But you have to realize that in the atheist community today, following what I call the Dawkins model, any kind of religious belief is open to ridicule. Remember Dawkins' famous speech at the Reason Rally. There the example he used was the doctrine of transubstantiation. Now, I don't believe in transubstantiation myself, having decide against becoming a Catholic way back in 1975. But I know plenty of intelligent, serious people who do believe exactly that, going all the way to two of my best friends as an undergraduate. If you attempt to show that the doctrine is evidently self-contradictory, then you have to face some very serious work aimed at showing that this is not the case, from Aquinas in the 13th Century to philosopher of science Frederick Suppe in our time. Refuting such positions is hard work, but resorting to ridicule has all the advantages of theft over honest toil.
Part of the Dawkins model involves presuming that committed religious believers are impervious to reason, but by showing how much contempt you have for their beliefs, you might peer pressure "fence-sitters" to think twice about believing as they do. That's what I mean by talking over people, and I find it reprehensible.
This is the statement I have in mind:
Dawkins: Michael Shermer, Michael Ruse, Eugenie Scott and others are probably right that contemptuous ridicule is not an expedient way to change the minds of those who are deeply religious. But I think we should probably abandon the irremediably religious precisely because that is what they are – irremediable. I am more interested in the fence-sitters who haven’t really considered the question very long or very carefully. And I think that they are likely to be swayed by a display of naked contempt. Nobody likes to be laughed at. Nobody wants to be the butt of contempt.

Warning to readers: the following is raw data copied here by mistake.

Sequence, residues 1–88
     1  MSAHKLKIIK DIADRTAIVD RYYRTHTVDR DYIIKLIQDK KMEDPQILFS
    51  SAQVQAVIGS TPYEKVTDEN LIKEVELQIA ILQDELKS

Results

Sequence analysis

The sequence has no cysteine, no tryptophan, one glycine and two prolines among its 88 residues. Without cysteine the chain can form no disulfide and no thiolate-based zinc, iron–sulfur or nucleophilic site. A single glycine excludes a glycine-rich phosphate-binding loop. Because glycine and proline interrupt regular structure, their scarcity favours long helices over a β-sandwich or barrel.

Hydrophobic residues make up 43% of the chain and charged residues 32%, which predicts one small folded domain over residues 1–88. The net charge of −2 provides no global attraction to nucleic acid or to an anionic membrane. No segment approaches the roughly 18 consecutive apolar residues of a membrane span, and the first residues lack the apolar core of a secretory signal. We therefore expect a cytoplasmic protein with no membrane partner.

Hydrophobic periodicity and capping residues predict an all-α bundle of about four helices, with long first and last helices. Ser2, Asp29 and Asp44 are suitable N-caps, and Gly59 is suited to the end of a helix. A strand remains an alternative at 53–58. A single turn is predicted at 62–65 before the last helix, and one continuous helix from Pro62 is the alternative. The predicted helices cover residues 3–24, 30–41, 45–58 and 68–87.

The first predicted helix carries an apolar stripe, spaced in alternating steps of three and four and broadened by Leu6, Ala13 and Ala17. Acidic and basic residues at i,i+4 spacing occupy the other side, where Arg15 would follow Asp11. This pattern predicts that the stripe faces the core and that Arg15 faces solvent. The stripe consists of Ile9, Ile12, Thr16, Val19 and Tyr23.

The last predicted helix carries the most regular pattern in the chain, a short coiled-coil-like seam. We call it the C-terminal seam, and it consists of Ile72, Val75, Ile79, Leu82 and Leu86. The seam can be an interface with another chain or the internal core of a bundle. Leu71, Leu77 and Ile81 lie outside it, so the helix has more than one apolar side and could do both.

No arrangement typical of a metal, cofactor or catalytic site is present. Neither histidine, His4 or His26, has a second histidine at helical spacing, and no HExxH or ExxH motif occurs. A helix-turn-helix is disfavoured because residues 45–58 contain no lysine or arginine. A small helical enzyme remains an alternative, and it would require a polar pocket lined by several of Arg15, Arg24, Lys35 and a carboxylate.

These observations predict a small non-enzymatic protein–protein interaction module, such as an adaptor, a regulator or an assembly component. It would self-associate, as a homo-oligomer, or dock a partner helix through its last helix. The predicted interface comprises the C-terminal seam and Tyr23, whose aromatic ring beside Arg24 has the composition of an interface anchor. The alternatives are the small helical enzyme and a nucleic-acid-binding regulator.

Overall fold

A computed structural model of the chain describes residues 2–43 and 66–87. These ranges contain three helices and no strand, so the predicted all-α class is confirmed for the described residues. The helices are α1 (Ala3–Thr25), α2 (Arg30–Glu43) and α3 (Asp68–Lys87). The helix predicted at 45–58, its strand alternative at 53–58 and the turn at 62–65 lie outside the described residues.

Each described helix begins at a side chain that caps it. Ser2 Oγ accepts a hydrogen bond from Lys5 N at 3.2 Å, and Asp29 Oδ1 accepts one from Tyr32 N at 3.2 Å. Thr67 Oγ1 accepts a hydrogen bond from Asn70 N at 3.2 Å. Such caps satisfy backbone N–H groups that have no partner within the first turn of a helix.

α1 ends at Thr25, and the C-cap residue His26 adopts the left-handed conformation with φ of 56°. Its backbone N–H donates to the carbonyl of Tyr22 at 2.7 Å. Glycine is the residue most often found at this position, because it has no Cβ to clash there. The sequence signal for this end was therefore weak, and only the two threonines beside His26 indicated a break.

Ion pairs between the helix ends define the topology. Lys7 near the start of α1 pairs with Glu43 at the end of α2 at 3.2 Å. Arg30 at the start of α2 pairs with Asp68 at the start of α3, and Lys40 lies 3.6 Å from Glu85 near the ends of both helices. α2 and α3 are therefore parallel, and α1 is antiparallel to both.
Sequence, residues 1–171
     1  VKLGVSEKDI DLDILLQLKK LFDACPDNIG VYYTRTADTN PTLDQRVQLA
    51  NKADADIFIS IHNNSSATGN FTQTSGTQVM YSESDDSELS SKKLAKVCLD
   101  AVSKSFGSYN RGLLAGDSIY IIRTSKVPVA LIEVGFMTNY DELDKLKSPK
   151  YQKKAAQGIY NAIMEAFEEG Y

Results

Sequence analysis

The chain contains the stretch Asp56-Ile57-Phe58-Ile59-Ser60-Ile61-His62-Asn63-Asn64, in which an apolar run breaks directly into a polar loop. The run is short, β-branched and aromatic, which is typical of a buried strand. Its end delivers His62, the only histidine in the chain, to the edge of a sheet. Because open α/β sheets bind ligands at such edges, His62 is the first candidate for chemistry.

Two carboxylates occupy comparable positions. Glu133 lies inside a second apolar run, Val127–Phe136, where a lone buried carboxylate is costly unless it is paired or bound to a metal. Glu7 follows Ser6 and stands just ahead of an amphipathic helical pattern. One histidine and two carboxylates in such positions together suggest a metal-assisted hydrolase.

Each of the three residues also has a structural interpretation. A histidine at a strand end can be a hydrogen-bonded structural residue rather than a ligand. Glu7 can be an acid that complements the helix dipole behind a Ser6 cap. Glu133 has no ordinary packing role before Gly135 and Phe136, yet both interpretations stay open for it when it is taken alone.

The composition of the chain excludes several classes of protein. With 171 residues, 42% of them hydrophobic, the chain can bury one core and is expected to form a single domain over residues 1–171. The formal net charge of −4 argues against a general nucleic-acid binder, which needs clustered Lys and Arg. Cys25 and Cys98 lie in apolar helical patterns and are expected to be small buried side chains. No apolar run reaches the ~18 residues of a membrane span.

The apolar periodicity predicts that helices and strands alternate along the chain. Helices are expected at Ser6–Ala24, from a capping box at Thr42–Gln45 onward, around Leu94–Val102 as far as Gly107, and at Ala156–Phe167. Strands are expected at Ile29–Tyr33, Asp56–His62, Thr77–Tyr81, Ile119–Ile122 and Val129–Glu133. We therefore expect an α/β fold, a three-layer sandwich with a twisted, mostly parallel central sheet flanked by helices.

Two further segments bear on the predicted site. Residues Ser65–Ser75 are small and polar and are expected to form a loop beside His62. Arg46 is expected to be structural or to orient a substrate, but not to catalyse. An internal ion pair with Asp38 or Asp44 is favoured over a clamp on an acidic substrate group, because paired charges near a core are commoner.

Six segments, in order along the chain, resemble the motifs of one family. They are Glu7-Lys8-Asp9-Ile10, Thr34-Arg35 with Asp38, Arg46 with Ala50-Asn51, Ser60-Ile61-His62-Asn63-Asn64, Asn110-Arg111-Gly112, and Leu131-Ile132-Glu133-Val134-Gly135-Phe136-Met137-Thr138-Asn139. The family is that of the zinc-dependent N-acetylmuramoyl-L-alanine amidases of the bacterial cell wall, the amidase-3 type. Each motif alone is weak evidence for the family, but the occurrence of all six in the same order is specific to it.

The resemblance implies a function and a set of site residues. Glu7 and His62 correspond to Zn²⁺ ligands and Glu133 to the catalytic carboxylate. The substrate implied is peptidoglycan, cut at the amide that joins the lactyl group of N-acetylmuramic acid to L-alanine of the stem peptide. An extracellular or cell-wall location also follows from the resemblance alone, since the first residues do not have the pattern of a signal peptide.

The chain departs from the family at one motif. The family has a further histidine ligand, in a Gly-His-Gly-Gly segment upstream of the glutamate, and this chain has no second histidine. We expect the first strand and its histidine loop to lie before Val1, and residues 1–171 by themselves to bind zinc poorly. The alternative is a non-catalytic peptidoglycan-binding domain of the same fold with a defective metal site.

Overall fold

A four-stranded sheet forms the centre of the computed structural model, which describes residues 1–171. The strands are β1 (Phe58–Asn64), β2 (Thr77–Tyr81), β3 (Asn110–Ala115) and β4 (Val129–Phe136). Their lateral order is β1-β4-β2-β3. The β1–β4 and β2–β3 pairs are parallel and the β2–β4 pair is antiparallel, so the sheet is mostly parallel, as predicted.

You probably aren't going to persuade real hard-core Gishites that there is something wrong with YEC by ridiculing them. So, what is the point? What do you hope to accomplish? Winning over low-information "fence-sitters" through what amounts to little more than peer pressure isn't going to cause anyone to become a genuine critical thinker. So, ridicule of this sort has little value over and above entertainment.
So long as all you have to do is quote them to generate the ridicule, that's one thing. But there is an occupational hazard that everyone who uses ridicule faces, and that is misrepresentation and straw-manning. Dawkins, for example, is frequently accused not only of failing to understand the arguments he criticizes, but of not even trying to understand themAnd his response was provided by P. Z. Myers in the Courtier's Reply.
The trouble with this is that theists do have arguments for their position, not just theology which presumes the truth of their position. And if you put ridicule in place of a serious attempt to understand your opponent, then once again, you are taking a path that has all the advantages of theft over honest toil.